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Organisational strategies and practices to improve care using patient experience data in acute NHS hospital trusts: an ethnographic study
Department of Adult Nursing, Florence Nightingale Faculty of Nursing, Midwifery and Palliative Care, King’s College London, London, United Kingdom.
Department of Adult Nursing, Florence Nightingale Faculty of Nursing, Midwifery and Palliative Care, King’s College London, London, United Kingdom.
Department of Adult Nursing, Florence Nightingale Faculty of Nursing, Midwifery and Palliative Care, King’s College London, London, United Kingdom.
Jönköping University, School of Health and Welfare, The Jönköping Academy for Improvement of Health and Welfare. Jönköping University, School of Health and Welfare, HHJ. IMPROVE (Improvement, innovation, and leadership in health and welfare). Department of Adult Nursing, Florence Nightingale Faculty of Nursing, Midwifery and Palliative Care, King’s College London, London, United Kingdom.ORCID iD: 0000-0001-8781-6675
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2019 (English)In: Health Services and Delivery Research, ISSN 2050-4349, Vol. 7, no 34Article in journal (Refereed) Published
Abstract [en]

Background

Although NHS organisations have access to a wealth of patient experience data in various formats (e.g. surveys, complaints and compliments, patient stories and online feedback), not enough attention has been paid to understanding how patient experience data translate into improvements in the quality of care.

Objectives

The main aim was to explore and enhance the organisational strategies and practices through which patient experience data are collected, interpreted and translated into quality improvements in acute NHS hospital trusts in England. The secondary aim was to understand and optimise the involvement and responsibilities of nurses in senior managerial and front-line roles with respect to such data.

Design

The study comprised two phases. Phase 1 consisted of an actor–network theory-informed ethnographic study of the ‘journeys’ of patient experience data in five acute NHS hospital trusts, particularly in cancer and dementia services. Phase 2 comprised a series of Joint Interpretive Forums (one cross-site and one at each trust) bringing together different stakeholders (e.g. members of staff, national policy-makers, patient/carer representatives) to distil generalisable principles to optimise the use of patient experience data.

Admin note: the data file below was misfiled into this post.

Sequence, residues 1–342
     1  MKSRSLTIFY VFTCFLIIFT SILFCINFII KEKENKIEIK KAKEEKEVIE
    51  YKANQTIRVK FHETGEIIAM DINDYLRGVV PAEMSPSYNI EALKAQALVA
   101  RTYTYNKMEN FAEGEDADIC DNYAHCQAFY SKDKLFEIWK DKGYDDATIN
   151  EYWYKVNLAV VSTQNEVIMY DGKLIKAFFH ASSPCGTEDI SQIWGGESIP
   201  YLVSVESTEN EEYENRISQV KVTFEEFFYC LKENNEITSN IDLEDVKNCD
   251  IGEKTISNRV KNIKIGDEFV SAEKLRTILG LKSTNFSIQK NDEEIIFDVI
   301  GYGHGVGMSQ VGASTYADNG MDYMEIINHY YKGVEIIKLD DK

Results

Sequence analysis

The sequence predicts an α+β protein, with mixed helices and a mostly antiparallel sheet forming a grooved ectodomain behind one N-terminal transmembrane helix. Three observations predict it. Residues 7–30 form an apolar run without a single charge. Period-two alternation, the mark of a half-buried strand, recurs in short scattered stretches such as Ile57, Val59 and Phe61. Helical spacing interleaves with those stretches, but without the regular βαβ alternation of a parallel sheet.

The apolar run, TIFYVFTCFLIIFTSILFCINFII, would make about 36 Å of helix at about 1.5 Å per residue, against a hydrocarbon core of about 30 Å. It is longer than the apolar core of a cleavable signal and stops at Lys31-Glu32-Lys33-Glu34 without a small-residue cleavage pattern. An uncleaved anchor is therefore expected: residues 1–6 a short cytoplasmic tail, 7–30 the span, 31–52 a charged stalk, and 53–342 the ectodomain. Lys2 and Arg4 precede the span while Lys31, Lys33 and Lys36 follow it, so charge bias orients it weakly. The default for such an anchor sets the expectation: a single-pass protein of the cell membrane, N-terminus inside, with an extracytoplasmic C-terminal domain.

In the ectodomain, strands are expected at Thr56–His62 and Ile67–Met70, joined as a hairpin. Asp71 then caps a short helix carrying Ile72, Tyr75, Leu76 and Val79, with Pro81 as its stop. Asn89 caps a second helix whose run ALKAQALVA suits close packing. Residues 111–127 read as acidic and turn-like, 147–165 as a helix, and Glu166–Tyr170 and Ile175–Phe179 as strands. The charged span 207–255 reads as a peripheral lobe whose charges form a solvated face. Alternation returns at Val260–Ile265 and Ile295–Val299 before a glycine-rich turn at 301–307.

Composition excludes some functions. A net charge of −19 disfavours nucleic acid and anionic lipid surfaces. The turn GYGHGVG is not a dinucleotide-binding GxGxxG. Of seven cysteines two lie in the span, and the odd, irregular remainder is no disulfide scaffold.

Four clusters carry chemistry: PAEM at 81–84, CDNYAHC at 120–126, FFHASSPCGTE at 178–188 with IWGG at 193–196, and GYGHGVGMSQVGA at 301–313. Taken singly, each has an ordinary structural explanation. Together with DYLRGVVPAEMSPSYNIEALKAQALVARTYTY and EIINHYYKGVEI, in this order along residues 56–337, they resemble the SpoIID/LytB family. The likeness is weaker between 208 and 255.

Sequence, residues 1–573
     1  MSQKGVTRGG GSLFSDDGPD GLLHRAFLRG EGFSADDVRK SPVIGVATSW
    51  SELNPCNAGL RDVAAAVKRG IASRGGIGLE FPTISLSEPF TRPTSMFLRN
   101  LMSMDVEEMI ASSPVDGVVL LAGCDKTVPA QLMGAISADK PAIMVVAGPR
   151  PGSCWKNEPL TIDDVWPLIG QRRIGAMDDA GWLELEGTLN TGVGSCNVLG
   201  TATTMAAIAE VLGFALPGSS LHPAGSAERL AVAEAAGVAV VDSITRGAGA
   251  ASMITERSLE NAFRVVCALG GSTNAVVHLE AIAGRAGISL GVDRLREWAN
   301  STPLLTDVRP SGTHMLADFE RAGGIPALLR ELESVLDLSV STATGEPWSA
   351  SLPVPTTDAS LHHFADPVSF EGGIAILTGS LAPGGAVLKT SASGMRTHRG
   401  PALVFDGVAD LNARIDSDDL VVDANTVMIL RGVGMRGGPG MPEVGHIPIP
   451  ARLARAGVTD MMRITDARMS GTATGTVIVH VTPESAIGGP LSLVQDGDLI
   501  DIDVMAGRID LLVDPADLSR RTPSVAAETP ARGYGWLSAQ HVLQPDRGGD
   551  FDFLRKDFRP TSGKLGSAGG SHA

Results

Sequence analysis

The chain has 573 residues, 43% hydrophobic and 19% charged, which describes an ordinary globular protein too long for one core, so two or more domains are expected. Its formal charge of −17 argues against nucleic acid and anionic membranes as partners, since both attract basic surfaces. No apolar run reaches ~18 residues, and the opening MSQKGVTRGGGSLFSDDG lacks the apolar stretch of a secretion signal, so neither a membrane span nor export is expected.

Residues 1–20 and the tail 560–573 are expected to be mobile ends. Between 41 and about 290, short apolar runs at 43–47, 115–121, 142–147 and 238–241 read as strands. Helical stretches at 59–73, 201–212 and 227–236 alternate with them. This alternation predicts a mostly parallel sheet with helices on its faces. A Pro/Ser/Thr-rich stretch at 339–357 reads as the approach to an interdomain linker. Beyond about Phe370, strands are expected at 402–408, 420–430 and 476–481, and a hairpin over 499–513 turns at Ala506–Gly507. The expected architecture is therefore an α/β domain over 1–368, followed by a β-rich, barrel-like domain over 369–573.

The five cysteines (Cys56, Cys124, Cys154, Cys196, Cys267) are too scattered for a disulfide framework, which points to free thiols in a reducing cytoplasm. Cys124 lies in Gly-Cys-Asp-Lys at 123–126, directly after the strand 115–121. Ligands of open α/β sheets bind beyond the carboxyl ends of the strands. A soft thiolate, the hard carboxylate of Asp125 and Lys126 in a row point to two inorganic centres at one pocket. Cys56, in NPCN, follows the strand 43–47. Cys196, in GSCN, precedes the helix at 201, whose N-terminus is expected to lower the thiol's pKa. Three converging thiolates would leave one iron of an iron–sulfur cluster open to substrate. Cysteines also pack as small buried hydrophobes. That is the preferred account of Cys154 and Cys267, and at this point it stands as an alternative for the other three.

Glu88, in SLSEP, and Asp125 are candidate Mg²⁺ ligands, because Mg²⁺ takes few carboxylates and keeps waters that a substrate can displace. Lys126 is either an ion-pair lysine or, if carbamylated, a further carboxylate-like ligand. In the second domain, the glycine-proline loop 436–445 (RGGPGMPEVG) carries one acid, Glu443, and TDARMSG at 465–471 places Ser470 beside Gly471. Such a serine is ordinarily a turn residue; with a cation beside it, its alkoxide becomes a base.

Setting

Five purposively sampled acute NHS hospital trusts in England.

Results

The analysis points to five key themes: (1) each type of data takes multiple forms and can generate improvements in care at different stages in its complex ‘journey’ through an organisation; (2) where patient experience data participate in interactions (with human and/or non-human actors) characterised by the qualities of autonomy (to act/trigger action), authority (to ensure that action is seen as legitimate) and contextualisation (to act meaningfully in a given situation), quality improvements can take place in response to the data; (3) nurses largely have ultimate responsibility for the way in which data are collected, interpreted and used to improve care, but other professionals also have important roles that could be explored further; (4) formalised quality improvement can confer authority to patient experience data work, but the data also lead to action for improvement in ways that are not formally identified as quality improvement; (5) sense-making exercises with study participants can support organisational learning.

Limitations

Patient experience data practices at trusts performing ‘worse than others’ on the Care Quality Commission scores were not examined. Although attention was paid to the views of patients and carers, the study focused largely on organisational processes and practices. Finally, the processes and practices around other types of data were not examined, such as patient safety and clinical outcomes data, or how these interact with patient experience data.

Conclusions

NHS organisations may find it useful to identify the local roles and processes that bring about autonomy, authority and contextualisation in patient experience data work. The composition and expertise of patient experience teams could better complement the largely invisible nursing work that currently accounts for a large part of the translation of data into care improvements.

Future work

To date, future work has not been planned.

Place, publisher, year, edition, pages
National Institute of Health Research , 2019. Vol. 7, no 34
National Category
Health Care Service and Management, Health Policy and Services and Health Economy
Identifiers
URN: urn:nbn:se:hj:diva-47046DOI: 10.3310/hsdr07340Local ID: POA HHJ 2019;HHJIMPROVEISOAI: oai:DiVA.org:hj-47046DiVA, id: diva2:1377020
Available from: 2019-12-10 Created: 2019-12-10 Last updated: 2019-12-10Bibliographically approved

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Robert, Glenn

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